Many I’s Of The CIO: Information, Innovation, Inspiration, Imagination
Recently, I sat down with several CIOs to discuss what they consider to be some of the most pervasive day-to-day challenges of their role, especially as it relates to driving new digital initiatives and business processes in their organizations. In short, the challenges of a CIO include managing the internal process of getting the support from the relevant people in the organization, ensuring that the right technology and processes are adopted, and controlling for costs while optimizing for the goals of the organization. Managing these challenges well can help in making a CIO successful.
In the following, I discuss challenges faced by CIOs and potential solutions addressed in the roundtable:
New digital technologies are considered a cost center. Some decision-making members of an organization may be reluctant to pursue some initiatives pushed forward by the CIO because of the associated costs. In response, some CIOs attempt to re-define the paradigm that R&D is a cost center by asking first what are the capabilities needed in the organization. CIOs identify what is needed by employees at the organization and then get buy-in from the employees. When it becomes a collective internal effort with a clear understanding of the benefits of the new technology, adoption becomes more palatable from the corporate finance lens because everyone involved in the process understands the potential usefulness of the new technology.
Organizational culture is an obstacle to adopting new technologies. CIOs must drive new technology initiatives while adapting to internal cultural idiosyncrasies. A few solutions to overcoming an obstinate workforce include:
- Find a champion, or a key business unit leader that believes in the vision of change at the organization and who has the credibility to convince other employees to shift to new digital technologies. Don’t underestimate the power of an internal champion who believes in the technology and can act as the organizational representative that facilitates the adoption of new software and processes.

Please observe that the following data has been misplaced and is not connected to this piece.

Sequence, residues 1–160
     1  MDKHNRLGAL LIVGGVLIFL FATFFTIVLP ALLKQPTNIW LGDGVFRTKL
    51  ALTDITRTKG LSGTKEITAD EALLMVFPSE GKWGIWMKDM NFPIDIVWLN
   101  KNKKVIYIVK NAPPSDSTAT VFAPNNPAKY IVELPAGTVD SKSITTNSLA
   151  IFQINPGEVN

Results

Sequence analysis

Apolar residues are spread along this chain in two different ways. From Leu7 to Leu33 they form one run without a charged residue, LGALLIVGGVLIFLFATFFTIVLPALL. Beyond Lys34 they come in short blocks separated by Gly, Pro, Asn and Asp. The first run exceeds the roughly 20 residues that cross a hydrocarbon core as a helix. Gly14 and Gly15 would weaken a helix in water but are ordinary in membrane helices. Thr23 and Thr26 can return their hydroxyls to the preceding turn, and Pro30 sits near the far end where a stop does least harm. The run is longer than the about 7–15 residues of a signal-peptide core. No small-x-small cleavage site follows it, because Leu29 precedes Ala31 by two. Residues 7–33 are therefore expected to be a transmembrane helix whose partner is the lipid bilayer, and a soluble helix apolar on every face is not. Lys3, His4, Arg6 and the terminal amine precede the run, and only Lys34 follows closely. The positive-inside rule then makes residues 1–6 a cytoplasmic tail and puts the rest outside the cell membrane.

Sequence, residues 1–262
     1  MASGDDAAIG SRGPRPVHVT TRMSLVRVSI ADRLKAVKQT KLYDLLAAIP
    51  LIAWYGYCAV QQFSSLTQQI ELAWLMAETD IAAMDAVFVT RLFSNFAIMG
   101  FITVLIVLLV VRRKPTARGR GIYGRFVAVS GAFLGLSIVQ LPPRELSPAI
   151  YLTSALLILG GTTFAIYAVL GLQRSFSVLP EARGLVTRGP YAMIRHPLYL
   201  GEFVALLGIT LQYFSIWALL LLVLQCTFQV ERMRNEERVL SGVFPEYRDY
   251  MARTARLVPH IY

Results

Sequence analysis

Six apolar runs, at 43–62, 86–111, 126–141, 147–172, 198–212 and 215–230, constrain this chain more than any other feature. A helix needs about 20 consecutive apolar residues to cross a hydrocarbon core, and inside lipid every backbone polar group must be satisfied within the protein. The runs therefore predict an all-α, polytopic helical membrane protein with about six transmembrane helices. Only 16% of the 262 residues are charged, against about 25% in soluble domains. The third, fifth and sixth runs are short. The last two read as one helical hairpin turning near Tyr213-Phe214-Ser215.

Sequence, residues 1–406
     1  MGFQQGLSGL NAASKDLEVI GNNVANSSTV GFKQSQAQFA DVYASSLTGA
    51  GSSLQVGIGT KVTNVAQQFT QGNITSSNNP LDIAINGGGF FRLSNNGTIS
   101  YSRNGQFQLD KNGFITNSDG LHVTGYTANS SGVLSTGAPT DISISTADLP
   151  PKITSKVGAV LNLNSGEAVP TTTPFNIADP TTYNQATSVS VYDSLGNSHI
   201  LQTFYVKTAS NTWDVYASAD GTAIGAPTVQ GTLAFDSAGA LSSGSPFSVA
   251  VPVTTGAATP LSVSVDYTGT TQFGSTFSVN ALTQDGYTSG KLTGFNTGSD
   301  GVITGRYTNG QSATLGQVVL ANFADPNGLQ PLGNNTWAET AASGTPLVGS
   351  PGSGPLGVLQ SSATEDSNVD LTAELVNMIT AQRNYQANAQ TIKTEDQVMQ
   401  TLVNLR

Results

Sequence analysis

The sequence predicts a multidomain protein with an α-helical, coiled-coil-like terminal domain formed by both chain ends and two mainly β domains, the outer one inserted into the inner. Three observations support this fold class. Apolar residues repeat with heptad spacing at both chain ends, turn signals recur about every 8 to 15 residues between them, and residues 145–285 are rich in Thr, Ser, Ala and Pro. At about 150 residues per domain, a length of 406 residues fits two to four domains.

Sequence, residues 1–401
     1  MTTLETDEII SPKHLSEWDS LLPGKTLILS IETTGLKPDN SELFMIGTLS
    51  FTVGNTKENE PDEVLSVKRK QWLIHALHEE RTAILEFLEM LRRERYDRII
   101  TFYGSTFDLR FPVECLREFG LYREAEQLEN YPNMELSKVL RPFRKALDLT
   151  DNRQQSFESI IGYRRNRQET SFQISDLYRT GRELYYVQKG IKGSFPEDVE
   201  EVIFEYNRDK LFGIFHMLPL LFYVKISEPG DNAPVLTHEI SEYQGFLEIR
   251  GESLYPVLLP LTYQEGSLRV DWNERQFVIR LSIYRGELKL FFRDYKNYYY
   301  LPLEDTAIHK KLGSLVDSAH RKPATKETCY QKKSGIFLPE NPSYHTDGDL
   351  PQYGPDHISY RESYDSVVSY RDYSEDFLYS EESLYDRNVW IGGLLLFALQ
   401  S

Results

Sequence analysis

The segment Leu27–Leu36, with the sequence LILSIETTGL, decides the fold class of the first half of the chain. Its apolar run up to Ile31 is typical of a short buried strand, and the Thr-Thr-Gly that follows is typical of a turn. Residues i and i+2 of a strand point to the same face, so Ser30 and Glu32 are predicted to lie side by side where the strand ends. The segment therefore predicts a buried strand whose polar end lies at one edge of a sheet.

- Institute a “benefit share” with internal business leaders so that costs and rewards are shared in the process of adopting new technologies. If the incentives are economically aligned with the CIO and other members across the organization, adoption may encounter less resistance, partly because participating members can share in the upside.
- Have key business leaders fall in love with the future. One way a CIO can accomplish this is by taking a trip to “shop” for new technologies with key people or decision-makers to inspire new ways of thinking about how technology provides real business solutions.
Relevant technologies are difficult to identify and stay on top of in a fast-changing technology landscape. One way to solve staying up-to-date as an organization is to employ individuals, or “hunters”, whose sole responsibility is identifying new potential technologies that can make the business more effective. These people at the organization can be responsible for interfacing directly with early-stage startups and other organizations to understand what is coming next.
New technologies require new skillsets for all members of the organization, including senior level management. Having human resources with the skillsets required to adopt new technologies is critical. If the organization has a human capital shortfall, then the CIO must take responsibility and drive towards investing in the right training and talent. Moreover, if the CIO has an understanding of internal leadership succession plans, then ensuring that every future leader gets experience in IT can make the process of adopting new technologies easier because future leaders may better understand the implications of technology adoption, thereby making it easier for the CIO to get support for future technology initiatives.
Executing on the day-to-day sometimes makes it difficult to imagine additional revenue streams. As an organization becomes more technologically advanced, it is important to stay aware of other opportunities that may lead to new lines of business, such as leveraging proprietary data via APIs, for example. Monetizing these opportunities can be another way for the organization to expand margins and remain competitive.
Disclosures: The information set forth herein is not intended to constitute investment advice and under no circumstances should any information provided herein be used or considered as an offer to sell or a solicitation of an offer to buy an interest in any investment fund managed by Sapphire Ventures. Information provided reflects Sapphire Ventures’ views as of a particular time. Such views are subject to change at any point and Sapphire Ventures shall not be obligated to provide notice of any change. Sapphire Ventures does not solicit or make its services available to the public and none of the funds are currently open to new investors.